Recipe: Simple Syrup For Iced Tea

by Anne Maxfield on July 8, 2010

Accidental Locavore Iced TeaThe Accidental Locavore loves drinking ice tea in the summer, well actually year round. The problem is always that I like to have a little sugar in my tea, but it never really dissolves well. Recently, over lunch with a friend of mine at Recipe where they serve their ice tea with a small pitcher of simple syrup & the proverbial light bulb went off over my head.

For those of you not familiar with simple syrup, it’s just sugar dissolved with water, and heated until the sugar melts into the water.

You use equal parts sugar to water, I’ve been doing a cup of each. Now, where it gets fun, is what you add to the syrup. My first attempt was to add 1/2 a vanilla bean, which was delicious. This afternoon I experimented with some lemon peel and fresh mint from my garden. Currently the mint is a little assertive, but I think the lemon peel will mellow out with a little time.
Give it a shot and let me know how you flavor it.



Recipe: My Dad’s No Fail Mayo

by Anne Maxfield on May 3, 2010

Accidental Locavore MayoThe Accidental Locavore never buys mayonnaise anymore because it’s so easy to make, and once you’ve had homemade mayo, you’re spoiled for life. The only downside (if there could possibly be one) is that, like ice cream, you learn exactly what’s in it. As Kerry, chef from one of my favorite restaurants, Cafe Miranda would say it’s an extremely efficient fat delivery system…but yummy!
My dad taught me a long time ago how to make mayo, so here is his no-fail mayo. This makes about a cup.

  • 1 egg yolk (at room temperature)
  • 1 tablespoon lemon juice (or vinegar of your choosing)
  • 1/4 cup olive oil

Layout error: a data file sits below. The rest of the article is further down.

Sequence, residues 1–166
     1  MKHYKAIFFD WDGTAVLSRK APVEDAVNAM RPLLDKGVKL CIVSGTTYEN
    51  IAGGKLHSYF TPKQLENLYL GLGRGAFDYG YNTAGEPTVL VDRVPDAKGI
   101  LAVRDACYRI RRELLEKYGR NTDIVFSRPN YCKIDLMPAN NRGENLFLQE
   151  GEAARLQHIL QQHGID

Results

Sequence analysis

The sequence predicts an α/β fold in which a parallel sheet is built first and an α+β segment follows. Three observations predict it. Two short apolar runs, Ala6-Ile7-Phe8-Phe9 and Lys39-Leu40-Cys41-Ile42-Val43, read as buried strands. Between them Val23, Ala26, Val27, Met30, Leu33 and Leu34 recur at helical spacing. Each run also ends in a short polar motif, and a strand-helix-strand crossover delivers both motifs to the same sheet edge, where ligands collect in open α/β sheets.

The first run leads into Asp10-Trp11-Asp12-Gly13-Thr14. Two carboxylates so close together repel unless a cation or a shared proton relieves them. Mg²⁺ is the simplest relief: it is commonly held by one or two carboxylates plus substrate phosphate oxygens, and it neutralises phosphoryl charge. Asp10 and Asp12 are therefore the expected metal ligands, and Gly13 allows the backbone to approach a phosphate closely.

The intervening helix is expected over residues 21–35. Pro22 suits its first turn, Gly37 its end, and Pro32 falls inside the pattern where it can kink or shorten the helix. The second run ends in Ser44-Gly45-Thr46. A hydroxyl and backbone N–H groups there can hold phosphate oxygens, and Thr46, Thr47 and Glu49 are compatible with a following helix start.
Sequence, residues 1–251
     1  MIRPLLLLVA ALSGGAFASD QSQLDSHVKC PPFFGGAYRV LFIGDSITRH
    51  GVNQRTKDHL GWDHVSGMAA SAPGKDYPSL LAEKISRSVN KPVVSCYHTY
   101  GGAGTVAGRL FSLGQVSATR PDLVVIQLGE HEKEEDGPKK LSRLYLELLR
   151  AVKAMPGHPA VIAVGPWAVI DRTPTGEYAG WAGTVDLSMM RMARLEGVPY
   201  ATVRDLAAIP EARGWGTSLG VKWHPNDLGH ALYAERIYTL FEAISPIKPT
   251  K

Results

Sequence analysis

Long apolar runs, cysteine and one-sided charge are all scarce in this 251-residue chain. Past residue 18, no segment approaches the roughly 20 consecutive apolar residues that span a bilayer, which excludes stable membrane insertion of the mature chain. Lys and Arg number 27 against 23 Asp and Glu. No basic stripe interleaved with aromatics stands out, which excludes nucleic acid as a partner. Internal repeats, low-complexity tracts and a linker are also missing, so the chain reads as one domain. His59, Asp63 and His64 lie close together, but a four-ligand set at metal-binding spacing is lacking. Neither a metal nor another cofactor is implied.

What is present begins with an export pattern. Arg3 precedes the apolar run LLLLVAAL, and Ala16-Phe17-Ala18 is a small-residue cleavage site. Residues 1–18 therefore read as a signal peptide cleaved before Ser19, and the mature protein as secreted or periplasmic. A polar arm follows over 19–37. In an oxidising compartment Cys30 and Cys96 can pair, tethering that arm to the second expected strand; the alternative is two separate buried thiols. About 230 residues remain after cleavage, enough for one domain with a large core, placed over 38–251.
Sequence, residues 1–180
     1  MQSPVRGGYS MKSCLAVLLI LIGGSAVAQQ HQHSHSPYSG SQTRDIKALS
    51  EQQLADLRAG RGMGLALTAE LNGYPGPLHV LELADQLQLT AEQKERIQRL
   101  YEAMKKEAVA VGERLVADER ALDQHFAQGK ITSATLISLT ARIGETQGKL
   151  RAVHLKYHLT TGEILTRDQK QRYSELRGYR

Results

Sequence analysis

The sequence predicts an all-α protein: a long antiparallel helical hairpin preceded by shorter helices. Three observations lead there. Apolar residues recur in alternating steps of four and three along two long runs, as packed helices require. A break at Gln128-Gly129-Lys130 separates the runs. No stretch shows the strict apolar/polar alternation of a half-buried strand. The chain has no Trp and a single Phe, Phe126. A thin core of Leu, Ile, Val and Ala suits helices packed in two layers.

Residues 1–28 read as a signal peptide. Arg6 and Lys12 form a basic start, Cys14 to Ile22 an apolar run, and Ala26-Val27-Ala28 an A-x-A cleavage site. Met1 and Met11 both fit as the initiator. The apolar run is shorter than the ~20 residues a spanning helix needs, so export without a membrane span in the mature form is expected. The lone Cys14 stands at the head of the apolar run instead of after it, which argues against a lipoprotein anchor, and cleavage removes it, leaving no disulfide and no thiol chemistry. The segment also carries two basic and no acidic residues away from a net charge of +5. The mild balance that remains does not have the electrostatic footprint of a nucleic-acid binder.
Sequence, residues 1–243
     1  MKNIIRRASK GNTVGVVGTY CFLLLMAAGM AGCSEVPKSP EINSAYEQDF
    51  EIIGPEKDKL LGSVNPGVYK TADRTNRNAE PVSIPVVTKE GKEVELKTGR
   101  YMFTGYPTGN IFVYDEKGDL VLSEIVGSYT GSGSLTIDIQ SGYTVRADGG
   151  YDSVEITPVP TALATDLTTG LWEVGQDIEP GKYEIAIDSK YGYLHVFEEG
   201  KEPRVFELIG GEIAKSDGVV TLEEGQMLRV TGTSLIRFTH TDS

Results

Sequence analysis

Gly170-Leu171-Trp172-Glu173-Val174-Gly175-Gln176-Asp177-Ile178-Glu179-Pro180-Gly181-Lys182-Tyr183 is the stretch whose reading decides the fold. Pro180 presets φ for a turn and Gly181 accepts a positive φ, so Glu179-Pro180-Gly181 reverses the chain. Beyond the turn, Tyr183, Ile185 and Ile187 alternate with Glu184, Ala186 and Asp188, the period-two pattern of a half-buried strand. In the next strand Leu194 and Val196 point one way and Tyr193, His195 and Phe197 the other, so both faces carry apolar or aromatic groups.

• 1 tablespoon Dijon mustard
  • (optional: 1 small clove of garlic, herbs like tarragon etc.)
  • About 1 cup canola or any vegetable oil
  • Salt to taste

Accidental Locavore MayonnaiseIn the bowl of a food processor (blender, or stick blender will work) add the egg yolk, lemon juice, olive oil, mustard, garlic and salt. Process a few times until well mixed. With the motor running, very slowly pour in about a cup of oil. You need to be patient or the mayo will separate. As you keep pouring you will see it start to thicken and then thin out a little. When it’s your desired texture, stop, and taste. Correct seasonings and you’re done. Serve and enjoy!

My verdict: Once you’ve had homemade mayo and realize how easy it is to make, you’ll never buy it again. The other advantage is that you can add whatever seasonings-herbs, garlic, spices, you want. Tarragon is great in it, especially for chicken salad. We usually add a small clove of garlic and I like it a little lemony. And after you’ve made it a few times, you can give hollandaise sauce, aioli and remoulade a try. The secret to any of these is to get an emulsion so always add the oil in a slow stream.